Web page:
Once we entered Embryo the wind was up and in our faces. So we had a four mile paddle into the wind again. At the portage we stopped and took more photos and some video. We made camp just past the portage in Upper Hatchet. We had camp set up about 3 hours before sundown or so.
The campsite was small and there really wasn’t any good spot to hang the hammock. I squinched it between a couple young evergreen trees close together. The sap was flowing and I got pretty sticky as I set up.
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Andy pitched his tent on the only area that was remotely flat. He had a nice view of the sunrise as his tent door faced northeast. The fire pit was way down by the water and there was no real place to sit and watch a fire. We decided not to have a fire that night. Dinner was PakIt Gourmet Big Easy Gumbo. Andy was pleasantly surprised at how good the dehydrated food was. I had eaten the gumbo before and I knew it would be hot, flavorful, and filling. We had a nice star show and then retired for a good night’s sleep.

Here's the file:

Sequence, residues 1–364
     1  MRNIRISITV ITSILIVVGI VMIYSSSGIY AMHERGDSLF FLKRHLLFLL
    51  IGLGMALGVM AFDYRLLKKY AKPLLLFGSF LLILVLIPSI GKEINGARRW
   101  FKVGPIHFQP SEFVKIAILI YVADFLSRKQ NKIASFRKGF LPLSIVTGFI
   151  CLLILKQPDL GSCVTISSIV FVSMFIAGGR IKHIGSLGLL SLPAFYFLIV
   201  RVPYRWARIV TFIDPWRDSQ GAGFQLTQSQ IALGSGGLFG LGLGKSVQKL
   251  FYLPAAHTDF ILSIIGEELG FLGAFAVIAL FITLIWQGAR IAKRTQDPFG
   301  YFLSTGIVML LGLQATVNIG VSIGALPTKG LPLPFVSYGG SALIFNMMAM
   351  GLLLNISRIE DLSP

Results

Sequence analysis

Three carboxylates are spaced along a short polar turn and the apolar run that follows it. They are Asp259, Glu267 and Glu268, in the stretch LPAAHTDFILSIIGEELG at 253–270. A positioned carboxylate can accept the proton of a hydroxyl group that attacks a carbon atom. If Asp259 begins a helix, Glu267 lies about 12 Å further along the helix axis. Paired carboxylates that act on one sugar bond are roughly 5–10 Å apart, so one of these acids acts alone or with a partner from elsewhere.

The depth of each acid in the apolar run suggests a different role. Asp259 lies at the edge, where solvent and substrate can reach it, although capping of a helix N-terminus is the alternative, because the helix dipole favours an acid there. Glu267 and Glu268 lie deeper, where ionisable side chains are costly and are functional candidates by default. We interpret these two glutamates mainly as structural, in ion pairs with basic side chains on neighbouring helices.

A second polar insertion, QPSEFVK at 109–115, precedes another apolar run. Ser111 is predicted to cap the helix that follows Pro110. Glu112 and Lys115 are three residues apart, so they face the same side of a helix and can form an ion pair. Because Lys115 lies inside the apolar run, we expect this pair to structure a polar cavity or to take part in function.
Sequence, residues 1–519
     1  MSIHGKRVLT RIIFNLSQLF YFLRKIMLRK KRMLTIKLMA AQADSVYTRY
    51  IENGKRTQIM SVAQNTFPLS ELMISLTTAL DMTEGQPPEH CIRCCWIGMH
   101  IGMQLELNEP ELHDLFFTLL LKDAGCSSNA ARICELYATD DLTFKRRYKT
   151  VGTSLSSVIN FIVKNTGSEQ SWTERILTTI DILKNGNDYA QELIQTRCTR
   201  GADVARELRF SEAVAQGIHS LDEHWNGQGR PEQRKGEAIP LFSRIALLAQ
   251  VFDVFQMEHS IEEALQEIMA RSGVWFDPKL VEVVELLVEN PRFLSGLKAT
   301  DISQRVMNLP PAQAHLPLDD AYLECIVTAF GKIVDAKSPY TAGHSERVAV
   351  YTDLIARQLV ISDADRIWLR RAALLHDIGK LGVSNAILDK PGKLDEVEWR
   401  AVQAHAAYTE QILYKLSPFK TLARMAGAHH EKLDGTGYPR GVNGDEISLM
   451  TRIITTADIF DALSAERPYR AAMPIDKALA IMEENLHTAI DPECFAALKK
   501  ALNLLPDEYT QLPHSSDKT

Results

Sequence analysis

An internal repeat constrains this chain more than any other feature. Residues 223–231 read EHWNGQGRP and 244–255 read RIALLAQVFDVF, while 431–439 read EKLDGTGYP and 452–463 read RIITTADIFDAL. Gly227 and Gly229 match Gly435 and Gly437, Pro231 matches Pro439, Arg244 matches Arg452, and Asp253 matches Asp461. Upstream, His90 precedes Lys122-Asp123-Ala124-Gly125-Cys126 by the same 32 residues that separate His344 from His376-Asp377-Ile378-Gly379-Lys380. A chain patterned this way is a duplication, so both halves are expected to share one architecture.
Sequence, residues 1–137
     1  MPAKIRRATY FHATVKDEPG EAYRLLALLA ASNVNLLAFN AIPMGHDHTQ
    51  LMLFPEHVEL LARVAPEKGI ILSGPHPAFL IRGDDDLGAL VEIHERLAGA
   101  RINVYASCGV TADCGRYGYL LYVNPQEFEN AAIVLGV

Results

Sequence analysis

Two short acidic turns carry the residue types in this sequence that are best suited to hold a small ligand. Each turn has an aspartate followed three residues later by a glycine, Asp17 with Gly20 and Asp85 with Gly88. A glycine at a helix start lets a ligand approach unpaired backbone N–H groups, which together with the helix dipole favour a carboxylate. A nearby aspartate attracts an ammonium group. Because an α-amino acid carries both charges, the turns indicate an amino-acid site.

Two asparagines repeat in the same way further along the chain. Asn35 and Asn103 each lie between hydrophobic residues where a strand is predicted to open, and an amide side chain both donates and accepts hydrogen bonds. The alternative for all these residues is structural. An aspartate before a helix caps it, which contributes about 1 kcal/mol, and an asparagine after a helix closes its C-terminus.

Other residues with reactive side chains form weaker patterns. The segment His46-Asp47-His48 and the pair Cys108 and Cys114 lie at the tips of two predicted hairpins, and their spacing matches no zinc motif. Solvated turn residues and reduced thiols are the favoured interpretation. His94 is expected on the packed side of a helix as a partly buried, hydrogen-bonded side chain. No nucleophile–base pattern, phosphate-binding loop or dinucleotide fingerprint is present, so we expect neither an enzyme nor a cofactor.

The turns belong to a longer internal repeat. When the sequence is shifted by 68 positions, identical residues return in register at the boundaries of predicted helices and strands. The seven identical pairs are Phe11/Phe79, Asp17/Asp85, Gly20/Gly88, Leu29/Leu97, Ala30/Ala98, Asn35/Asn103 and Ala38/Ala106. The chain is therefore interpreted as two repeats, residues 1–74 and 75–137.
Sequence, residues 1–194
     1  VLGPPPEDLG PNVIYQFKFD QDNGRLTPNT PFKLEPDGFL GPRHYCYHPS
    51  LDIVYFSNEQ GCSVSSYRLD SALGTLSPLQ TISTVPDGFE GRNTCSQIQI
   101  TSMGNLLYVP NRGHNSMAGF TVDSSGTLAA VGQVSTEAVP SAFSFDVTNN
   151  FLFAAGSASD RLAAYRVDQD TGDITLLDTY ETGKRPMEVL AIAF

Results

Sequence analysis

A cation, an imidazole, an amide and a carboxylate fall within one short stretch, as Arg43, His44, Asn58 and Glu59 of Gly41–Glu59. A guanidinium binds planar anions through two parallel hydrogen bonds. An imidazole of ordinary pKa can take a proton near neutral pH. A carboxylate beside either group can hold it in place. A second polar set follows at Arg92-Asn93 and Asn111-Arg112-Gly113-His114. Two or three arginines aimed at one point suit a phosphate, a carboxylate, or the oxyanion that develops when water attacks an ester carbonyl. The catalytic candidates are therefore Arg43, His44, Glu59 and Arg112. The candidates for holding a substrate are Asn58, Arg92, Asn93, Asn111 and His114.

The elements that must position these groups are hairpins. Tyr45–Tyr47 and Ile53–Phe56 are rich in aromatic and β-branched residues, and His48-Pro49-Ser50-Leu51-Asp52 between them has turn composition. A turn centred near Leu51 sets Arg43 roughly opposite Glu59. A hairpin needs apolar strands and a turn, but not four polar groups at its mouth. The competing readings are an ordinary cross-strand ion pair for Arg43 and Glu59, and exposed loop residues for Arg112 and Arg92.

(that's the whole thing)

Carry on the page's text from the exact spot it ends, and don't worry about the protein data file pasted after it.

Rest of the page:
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Andy pitches his tent on the Upper Hatchet campsite

Aug. 21, 2014 – Andy woke up very early and he watched as the clouds were painted pink, peach, and crimson by the rising sun. I was still asleep so Andy went back to bed after a few minutes. About 30 minutes later I got up and I watched as the sun climbed from just above the horizon for about 45 minutes. The sky had very few clouds when I first got up but the wind was already blowing and I could see clouds moving in from the west. After a bit I woke Andy and we again took out time eating, breaking camp, and packing the boat. We could just about see from our campsite the spot where the portage was on the far shore. Actually, we could see the opening for the little inlet, but it was only 1.5 miles. Of course, by the time we were on the water, the wind was stiffly in our face and it looked like a storm was blowing in from the southeast. But we did not have far to go and we figured there was no need to race, so we paddled slowly to the east.